Here are some more misconceptions about GDPR
There’s certainly no shortage of them for the upcoming General Data Protection Regulation.
There is one thing we know for certain that the upcoming General Data Protection Regulation (GDPR) is creating: misconceptions.
It’s hard to keep up with them. But, after noting nine common GDPR misconceptions a few weeks ago, we now offer a new batch gleaned from a chat with Clive Boonzaaier, director of governance, risk and compliance at security firm Cipher:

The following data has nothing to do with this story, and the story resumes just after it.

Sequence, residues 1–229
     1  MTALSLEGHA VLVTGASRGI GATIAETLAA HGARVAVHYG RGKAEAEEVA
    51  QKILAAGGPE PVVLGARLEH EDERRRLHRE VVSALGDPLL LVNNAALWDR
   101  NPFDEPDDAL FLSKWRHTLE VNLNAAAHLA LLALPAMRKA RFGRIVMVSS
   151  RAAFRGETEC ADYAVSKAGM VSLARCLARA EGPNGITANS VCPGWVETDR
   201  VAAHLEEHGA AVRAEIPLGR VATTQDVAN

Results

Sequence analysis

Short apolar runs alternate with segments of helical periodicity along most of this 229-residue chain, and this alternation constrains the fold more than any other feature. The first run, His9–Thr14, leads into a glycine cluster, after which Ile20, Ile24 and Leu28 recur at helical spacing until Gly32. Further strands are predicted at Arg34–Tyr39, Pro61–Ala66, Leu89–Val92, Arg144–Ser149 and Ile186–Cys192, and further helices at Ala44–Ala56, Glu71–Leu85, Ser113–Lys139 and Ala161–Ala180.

- Contrary to the inclusion of the word “compliance” in his title, and the widespread use of that term to describe companies that are abiding by GDPR’s requirements, Boonzaaier says too much emphasis on that term misses the appropriate way to view the new regulations. In his view, “compliance” is most properly used to describe obeying a clearly defined legal regulation, like a speed limit. But much of GDPR is left unspecified, allowing a wide range of approaches to implementation, as long as the end result is protecting the personal data of consumers. He told me that adherence to GDPR is like saying, “You should deploy security measures.” The aim is to keep hackers and other data thieves away, but many of the specific ways to accomplish that goal are left up to you and your company. It’s better to think of adherence to GDPR as “risk management 101,” he said, since your company is adopting new policies, software and attitudes to minimize the risk of leakage or misuse of personal data.